ginger nicholls beachFor 15 years, from 1997-2011, Unification Theological Seminary (UTS) graduate, Ginger Nicholls (UTS’86), served as a missionary to the country of Nepal along with her husband, John, and then their daughter, Sophia. She has described their journey in her book, The Kalki Avatar: Tears for Nepal, a 267-page account of the hardships, tragedies and triumphs of life in a country with centuries of history and traditions based almost entirely on the Hindu and Buddhist religions. The three of them now reside in England, John’s homeland.

Photo: Ginger Nicolls (UTS'86) with husband, John, back home in England.

Working with other missionaries and members of the Family Federation for World Peace and Unification (FFWPU) from Korea, Japan, Thailand, the Philippines and the United States - all with different cultures, traditions and languages - sometimes helped and other times added to the struggle to bring the message and teachings of Rev. Sun Myung and Hak Ja Han Moon, to the isolated country at the top of the world best known as the home of Mount Everest.

Testing both her patience and her faith, Ginger recounts the many struggles she and John faced, and overcame, from external problems like unheated dwellings with electrical and water shortages, to the larger, internal struggles of trying to understand and guide people toward a goal which was often hard to define, and even harder to reach.

There were health issues for both John and Ginger; the rise of communist and Maoist groups; and difficulties in winning the trust of the people and laying a foundation for others - present and future - to follow. Their saving grace, however, was the parallel scriptures from Hindu, Buddhist, Christian and Unification teachings that allowed them to introduce new ideas which pointed the way to a “new world,” while still able to revere and follow the traditions of ancient, honored texts.

It took years for Ginger and John to overcome the distrust of younger FFWPU-Nepal members, who were not always sure of the direction which they were being asked to follow. In the end Ginger and John’s faith and tenacity paid off. Starting with 25 or so core “home members” when they arrived, the Nepal FFWPU now operates 32 centers, with 160 full-time members and 300 core Blessed families, including Ek Nath Dhakal, currently the Universal Peace Federation Nepal (UPF) president who also represents the approximately 100,000 Nepal Family Party members in the national government.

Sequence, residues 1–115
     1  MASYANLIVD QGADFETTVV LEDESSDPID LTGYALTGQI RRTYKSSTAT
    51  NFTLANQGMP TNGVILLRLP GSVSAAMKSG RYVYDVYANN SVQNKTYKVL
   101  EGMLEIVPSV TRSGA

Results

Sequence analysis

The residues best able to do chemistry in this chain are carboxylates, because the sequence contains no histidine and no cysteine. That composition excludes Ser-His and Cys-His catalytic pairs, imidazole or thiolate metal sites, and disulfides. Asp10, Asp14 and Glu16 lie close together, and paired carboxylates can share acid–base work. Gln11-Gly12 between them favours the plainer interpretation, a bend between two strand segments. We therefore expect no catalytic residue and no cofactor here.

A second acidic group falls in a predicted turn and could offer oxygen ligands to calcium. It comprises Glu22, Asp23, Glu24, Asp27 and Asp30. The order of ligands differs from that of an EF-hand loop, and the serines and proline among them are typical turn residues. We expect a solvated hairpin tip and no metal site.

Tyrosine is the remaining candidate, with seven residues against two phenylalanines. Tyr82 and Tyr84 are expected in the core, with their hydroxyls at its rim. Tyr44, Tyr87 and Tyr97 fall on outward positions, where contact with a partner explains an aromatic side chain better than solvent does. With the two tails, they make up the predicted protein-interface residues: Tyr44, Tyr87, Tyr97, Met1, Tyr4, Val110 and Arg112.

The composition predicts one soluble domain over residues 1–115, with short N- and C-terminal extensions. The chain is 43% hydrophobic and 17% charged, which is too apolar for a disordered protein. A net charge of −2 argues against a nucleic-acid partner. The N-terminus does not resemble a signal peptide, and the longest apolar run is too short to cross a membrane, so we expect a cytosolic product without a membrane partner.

I put some questions to Ginger about her time in Nepal and what she, John and Sophia are doing now.

1. You write in your book the struggles you had with your and John’s health problems. How are the two of you doing today?

John had an angioplasty (stent placed into an artery leading to the heart) in 2014 and is waiting for an appointment to review the stent and possibly put in several more. In addition, he is trying to control Type-2 diabetes through diet and exercise. I continue to deal with osteoarthritis. At times we both think we are still in our 30s!

2. You write about the many struggles you had with students and young FFWPU members. What do you consider the greatest victory for John and you during this time?

Yes, I wrote about in my book about the challenge of loving someone who is more difficult to love because of the pain and resentment they carry. This is often rooted in their own family life. Our challenge was to digest their accusations and threatening behavior, and answer with unconditional love and take responsibility. We witnessed and experienced first-hand how such a person could be completely melted by the power of true love. On that foundation came the launch of the first 40-day Mobile Fundraising Team (MFT) in Nepal, its success, and the subsequent MFT work.

3. You were in a foreign country with other foreigners including Japanese, Korean, and Filipino members. Other than language, what was the most difficult hurdle you had to overcome? 

It was to feel accepted and valued by Korean elders. It seemed easier for them to relate to young Asian members from a parental, vertical position than to western members who were closer in age, and desired to be treated/loved as brothers and sisters. The challenge to overcome that hurdle, however, brought us on a deeper course of “restoration and blessing”. John didn't have a university degree and the structured teaching ability which some expected from a UK citizen assigned to a leadership position. He was able to channel spiritual truth and guidance from his experience with writing music and singing. He was fortunate to offer a public performance of "Tears In Heaven" at a banquet with Dr. Yeon Ah Nim Moon.